I just read a really interesting, thought provoking, and humane article An Open Letter to My Fat Father, From His Fat, Trans Son: Or, Fatherhood, Fatness, and Family. It is about coming to accept ones weight. But there is a wrinkle: it is by a transgender man.
On one level, I identify with the transgender community. I don’t feel comfortable in my own body—I never have. I wish that there were such an easy solution to my problem as changing my sex. The fact that the very idea seems ridiculous to me makes me think that this is not the primary issue that transgender people face.
All my life, I have battled gender identities. This was not an internal struggle. I’ve never felt particular gender bound. I’m very comfortable with my natural desires which are hardly typically male. On the other hand, although most men see me as effeminate, gay, or nonexistent, in an anthropological sense, I am very male. In fact, when I get manly men alone, I am often shocked by their girly underside. It seems that I am different only in lacking any respect for gender roles. I am a real man because I am a real man.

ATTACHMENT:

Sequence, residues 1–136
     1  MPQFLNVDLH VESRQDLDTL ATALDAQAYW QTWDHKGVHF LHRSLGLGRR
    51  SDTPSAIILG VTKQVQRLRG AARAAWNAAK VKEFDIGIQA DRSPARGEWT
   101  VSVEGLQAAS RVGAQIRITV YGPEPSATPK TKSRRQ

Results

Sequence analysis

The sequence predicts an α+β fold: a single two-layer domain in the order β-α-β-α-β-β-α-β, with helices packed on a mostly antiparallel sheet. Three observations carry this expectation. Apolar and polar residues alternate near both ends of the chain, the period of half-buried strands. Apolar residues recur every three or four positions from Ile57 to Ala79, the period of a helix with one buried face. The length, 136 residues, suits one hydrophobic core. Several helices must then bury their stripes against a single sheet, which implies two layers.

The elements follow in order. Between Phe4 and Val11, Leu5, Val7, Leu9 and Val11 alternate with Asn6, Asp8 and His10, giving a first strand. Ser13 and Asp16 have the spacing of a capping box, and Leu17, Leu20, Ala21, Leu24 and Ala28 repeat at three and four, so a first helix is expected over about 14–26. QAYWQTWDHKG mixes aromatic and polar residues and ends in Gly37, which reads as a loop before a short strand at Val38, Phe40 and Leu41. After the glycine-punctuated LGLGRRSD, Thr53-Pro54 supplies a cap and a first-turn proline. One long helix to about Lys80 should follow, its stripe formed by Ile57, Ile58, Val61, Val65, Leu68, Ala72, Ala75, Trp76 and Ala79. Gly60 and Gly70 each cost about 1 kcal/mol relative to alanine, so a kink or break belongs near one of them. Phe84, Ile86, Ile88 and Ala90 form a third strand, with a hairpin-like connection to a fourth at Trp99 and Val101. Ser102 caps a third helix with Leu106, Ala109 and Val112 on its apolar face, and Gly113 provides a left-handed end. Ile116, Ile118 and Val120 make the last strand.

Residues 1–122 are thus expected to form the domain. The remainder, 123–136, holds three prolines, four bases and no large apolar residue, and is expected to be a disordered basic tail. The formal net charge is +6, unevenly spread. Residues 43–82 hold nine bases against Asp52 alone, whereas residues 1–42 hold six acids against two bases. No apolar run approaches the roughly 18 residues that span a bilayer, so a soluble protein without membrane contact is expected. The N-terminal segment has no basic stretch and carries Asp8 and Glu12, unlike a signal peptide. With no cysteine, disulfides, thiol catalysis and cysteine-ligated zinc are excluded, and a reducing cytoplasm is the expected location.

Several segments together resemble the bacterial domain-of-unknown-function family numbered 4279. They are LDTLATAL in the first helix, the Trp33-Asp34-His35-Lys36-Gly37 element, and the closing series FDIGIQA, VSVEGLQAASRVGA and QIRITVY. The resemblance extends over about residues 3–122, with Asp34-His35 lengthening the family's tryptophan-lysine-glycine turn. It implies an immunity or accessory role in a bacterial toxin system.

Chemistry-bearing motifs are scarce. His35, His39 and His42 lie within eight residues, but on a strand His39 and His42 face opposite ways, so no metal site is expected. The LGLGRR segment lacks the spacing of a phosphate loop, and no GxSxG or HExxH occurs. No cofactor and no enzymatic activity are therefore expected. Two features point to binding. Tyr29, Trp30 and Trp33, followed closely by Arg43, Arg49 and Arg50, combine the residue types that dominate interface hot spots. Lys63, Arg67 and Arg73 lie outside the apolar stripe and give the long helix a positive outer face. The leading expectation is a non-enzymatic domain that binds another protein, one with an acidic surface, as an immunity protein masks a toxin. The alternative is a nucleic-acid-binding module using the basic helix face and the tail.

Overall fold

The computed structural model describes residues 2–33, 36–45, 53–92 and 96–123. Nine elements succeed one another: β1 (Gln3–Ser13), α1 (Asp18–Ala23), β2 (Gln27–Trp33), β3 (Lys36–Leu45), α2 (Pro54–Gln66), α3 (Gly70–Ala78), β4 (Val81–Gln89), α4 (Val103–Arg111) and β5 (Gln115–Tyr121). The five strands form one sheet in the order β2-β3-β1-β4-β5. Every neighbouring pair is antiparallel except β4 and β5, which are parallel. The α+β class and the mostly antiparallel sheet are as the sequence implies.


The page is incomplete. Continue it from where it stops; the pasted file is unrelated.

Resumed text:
I would go further. I tend to find manly men pathetic. As I’ve gotten older, I can see very clearly how cowardly they are. Unlike me, they aren’t sure that they are “real” men. They’re like closeted gays, afraid that their friends will think less of them because they like soap operas or knitting. And that’s no way to live.
How is it to feel so completely wrong that you go under the knife? I have no idea. I won’t go to the doctor until my blood pressure is down to 60 over 40. So I’ve got to believe that transgender people are very serious about this. They deserve whatever can be done to feel normal (and not, as is stated in the article, just those who can afford it).
Regardless of this, I can’t but believe that the cultural norms that teach men that they can’t knit are the also partly to blame for people who feel they are the wrong gender. But if only for the male knitting fans, we need to get past our gender restrictions as much as we do our fat hatred.